Ontario residents will have to get into the habit of turning off lights and using appliances in evenings and overnight to avoid blackouts and shortages of supply, Energy Minister Dwight Duncan warned yesterday.
And to help them form the habit, the government will charge more for power, he said.
“We have to create a conservation culture to serve as a solid foundation for a sustainable-energy future. We have to encourage people to use less and to use better,” he said in a speech to the Canadian Energy Efficiency Alliance.
Mr. Duncan warned that the outlook for adequate supplies of electricity is gloomy, and this squeeze on power could harm the economy.
“We have an expensive and unreliable system that is making it impossible for us, as a province, to grow, prosper and compete.”
Future measures to encourage conservation likely will include “the application of benchmarking, interval meters or ‘smart’ control systems,” Mr. Duncan said, referring to methods of charging different prices for power at different times of day.
Ontario’s power prices will be lower overnight when demand is lower, than during the day, when businesses, factories and public transit are running, and early evenings when lights and heaters — or air conditioners — are turned on in unison with stoves and other home appliances.
The impact would be to push people to shift their power use to off-peak hours.
Ontario’s problem is exacerbated by the growth in demand and because generating plants are growing old and will need to be replaced, Mr. Duncan said in the speech, a copy of which was provided to The Globe and Mail.
“By 2020, it is projected that approximately 18,000 megawatts of Ontario’s existing electricity-generating capacity of 30,000 megawatts will need to be refurbished or replaced.”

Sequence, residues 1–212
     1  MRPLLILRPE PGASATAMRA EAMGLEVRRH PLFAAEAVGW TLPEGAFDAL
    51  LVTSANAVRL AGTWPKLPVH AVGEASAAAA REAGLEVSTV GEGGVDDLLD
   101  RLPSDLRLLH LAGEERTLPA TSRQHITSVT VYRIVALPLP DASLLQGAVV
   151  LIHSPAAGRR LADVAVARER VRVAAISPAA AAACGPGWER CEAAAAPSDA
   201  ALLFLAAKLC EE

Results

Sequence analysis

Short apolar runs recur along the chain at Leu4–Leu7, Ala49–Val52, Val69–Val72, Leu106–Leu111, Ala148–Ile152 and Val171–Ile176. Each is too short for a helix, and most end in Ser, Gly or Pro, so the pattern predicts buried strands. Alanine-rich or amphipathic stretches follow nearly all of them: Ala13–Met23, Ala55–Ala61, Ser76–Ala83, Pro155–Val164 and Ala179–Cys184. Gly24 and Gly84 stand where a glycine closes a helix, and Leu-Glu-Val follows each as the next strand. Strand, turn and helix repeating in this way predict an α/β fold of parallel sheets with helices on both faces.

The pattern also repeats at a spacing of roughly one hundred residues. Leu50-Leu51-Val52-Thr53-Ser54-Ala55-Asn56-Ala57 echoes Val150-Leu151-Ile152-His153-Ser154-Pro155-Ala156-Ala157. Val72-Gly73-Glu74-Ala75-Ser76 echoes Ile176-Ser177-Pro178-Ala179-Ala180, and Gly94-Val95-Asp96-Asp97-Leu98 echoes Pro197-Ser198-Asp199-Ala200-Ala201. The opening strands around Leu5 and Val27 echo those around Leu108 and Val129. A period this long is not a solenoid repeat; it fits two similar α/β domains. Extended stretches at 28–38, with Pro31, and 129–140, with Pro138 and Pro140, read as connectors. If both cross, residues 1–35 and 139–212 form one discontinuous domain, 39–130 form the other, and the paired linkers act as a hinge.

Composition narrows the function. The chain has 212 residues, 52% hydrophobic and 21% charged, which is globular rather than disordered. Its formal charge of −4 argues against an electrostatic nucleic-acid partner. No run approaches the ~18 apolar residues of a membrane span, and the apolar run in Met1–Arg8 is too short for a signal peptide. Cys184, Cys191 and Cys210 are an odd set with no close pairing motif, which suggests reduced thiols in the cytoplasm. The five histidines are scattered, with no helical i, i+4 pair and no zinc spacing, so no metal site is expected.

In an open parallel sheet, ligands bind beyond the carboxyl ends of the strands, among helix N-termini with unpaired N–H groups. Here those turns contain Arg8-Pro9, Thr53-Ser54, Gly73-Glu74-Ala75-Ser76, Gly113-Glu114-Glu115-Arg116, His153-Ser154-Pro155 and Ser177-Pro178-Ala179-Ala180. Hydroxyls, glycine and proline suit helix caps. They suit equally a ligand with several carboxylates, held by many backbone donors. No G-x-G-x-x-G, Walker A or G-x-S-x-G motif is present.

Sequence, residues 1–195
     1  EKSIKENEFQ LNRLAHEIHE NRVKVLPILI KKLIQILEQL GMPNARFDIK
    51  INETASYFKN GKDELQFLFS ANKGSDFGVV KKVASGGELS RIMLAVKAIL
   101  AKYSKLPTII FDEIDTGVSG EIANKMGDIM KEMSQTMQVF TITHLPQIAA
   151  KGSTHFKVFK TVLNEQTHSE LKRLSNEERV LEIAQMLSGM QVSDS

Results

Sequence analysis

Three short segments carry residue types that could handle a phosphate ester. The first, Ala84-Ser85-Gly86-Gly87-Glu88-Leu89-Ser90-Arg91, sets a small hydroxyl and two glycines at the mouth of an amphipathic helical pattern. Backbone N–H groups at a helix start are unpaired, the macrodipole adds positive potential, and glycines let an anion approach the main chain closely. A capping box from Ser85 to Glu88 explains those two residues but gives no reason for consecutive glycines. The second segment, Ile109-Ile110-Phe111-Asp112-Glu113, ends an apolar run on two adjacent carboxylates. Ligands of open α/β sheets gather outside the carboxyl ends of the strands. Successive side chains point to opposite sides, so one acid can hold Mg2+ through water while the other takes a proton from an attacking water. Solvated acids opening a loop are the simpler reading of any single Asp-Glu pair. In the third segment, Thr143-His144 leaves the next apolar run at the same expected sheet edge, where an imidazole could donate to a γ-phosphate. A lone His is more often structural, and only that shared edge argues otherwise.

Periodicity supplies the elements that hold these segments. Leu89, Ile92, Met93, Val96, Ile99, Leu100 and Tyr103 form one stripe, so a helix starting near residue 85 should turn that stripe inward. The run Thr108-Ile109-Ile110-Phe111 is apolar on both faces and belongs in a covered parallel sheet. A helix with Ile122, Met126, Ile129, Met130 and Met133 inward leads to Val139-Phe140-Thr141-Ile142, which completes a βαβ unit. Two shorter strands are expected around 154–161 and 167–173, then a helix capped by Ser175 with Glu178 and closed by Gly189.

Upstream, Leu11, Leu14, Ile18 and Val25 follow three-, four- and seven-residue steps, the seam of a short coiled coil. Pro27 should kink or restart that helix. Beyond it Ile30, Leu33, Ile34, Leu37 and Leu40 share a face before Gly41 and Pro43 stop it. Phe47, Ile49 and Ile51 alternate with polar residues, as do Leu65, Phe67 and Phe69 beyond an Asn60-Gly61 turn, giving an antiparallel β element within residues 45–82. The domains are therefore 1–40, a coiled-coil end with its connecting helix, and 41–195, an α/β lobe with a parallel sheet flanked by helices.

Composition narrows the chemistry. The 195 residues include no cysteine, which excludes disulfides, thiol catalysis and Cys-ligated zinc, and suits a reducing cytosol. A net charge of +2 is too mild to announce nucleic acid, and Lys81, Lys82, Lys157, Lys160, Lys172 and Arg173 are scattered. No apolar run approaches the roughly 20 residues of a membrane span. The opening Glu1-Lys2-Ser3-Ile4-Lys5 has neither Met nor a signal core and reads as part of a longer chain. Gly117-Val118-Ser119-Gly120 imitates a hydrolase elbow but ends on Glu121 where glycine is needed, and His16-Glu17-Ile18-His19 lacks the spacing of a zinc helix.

An emphasis on conservation and increased reliance on renewable energy, such as wind and solar power, can help Ontario deal with the squeeze on supplies, Mr. Duncan argued.
“Our government has announced a goal of reducing electricity consumption in Ontario by 5 per cent by 2007, and we have also vowed to lead by example and reduce consumption in our own buildings by 10 per cent.”
Such conservation should not create hardships, he stressed.
“To me, conservation is not about freezing in the dark. It’s all about innovation and creativity. It’s any measure that can reduce a customer’s overall energy demand or reduce a customer’s demand for purchased energy.”
Under a plan announced in November, the change in prices will start on April 1. Instead of the flat rate of 4.3 cents a kilowatt hour, consumers will pay 4.7 cents a kilowatt hour for the first 750 kilowatt hours they use each month. Additional electricity will cost 5.5 cents a kilowatt hour.
As a result, most households will pay about $6 a month more for power. “It will give consumers powerful motivation to conserve.”
Next year, the Ontario Energy Board will propose a price schedule that would boost the cost of power further, adding to the pressures to conserve electricity.